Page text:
Sunday, May 25, 2008

Hackney Council Withdraws Door-To-Door Recycling

It takes a lot to shock me, especially when it comes to Hackney Council, but my gob was well and truly smacked when I got a letter through my door telling me that the Council is stopping door-to-door recycling on my and other estates.

Apparently, we now have to take our recycling to the bank of recycling bins on the other side of the estate. Problems:
  1. That's not so easy, for example for those of my neighbours who have mobility problems, or those who can't just 'pop out' with a big bag if they have babies or young children.
  2. You can only recycle paper, glass and tins at the recycling bank, whereas the door-to-door service additionally collects plastic containers, clothes, shoes, batteries and food waste.

The result will surely be a significant reduction in the amount of waste recycled in Hackney, with all those plastic milk bottles, old clothes etc now going in the bin and onwards to the landfill rather than in the recycling. The loss of food waste recycling is a further blow, as it has a proven effect of reducing rat and other vermin infestation on estates.

The Council's excuse? Two, actually: door-to-door collections were only a trial, and that trial has come to an end; and the boxes might possibly constitute a fire hazard in blocks with a single staircase.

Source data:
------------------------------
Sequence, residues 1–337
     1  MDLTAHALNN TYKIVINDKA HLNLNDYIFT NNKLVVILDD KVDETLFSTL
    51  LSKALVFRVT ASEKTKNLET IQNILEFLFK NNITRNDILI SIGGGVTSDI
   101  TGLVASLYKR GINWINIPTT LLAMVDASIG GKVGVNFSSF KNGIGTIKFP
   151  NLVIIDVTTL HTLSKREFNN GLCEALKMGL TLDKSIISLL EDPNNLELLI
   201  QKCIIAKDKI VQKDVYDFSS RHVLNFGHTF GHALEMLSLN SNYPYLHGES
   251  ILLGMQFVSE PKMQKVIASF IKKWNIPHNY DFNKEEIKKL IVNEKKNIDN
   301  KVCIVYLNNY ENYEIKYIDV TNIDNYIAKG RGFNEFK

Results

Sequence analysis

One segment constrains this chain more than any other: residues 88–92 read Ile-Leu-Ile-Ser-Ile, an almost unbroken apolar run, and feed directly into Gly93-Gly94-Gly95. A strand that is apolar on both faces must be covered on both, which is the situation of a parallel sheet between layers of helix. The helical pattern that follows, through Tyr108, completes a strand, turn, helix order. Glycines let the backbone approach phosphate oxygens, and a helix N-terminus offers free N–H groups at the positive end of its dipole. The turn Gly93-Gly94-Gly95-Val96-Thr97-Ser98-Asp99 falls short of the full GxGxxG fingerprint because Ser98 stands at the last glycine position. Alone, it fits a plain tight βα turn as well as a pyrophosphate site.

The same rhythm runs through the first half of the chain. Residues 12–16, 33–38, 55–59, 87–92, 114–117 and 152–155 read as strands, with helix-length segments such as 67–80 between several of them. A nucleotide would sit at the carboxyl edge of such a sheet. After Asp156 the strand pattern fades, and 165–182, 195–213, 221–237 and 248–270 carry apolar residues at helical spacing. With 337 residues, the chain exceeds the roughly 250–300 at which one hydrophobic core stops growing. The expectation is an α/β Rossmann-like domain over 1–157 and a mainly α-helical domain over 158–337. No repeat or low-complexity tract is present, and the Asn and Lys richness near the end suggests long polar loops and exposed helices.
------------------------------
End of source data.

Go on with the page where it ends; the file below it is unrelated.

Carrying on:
Firstly, the whole point of trials, I should think, is to continue them if they are successful. According to the Hackney Homes website, these trials had a massively positive impact when they started, and there is no reason to believe that this did not carry on.

Secondly, the issue of fire hazard may be valid for some blocks, but it is no excuse for withdrawing door-to-door collections from street-level homes. Neither can I see that it is a reason to withdraw food waste recycling, as it would surprise me if the very small food waste box could realistically be considered an obstruction or a potential source of fire. It seems to be that the concerns expressed by the fire authorities have been taken by Hackney Council and used as a convenient pretext for a much larger withdrawal of recycling services.

I'm sure (not) that it is entirely coincidental that this move falls halfway between elections. Two years ago, Hackney Labour's election material boasted of its commitment to recycling with so much vigour that it seemed that little else mattered. It used recycling as its 'left flank' - so Hackney Council might be allowing estates to crumble, but hey, it was saving the planet with its super-human recycling efforts. With the next election a comfortable two years away, the planet-saving stuff can be allowed to slip. Maybe six months before the next election, they will restore door-to-door recycling and then boast in the election about how much they have increased recycling in the last year!

Two days after receiving the letter, I got my Hackney Homes magazine through the door, the front page of which reminded me to recycle as much as possible. I also remember that in March last year, recycling became compulsory for all street-level homes in Hackney. So Hackney Homes and the Council intend to browbeat us to recycle, but then take away our facility to do so.

What a waste.

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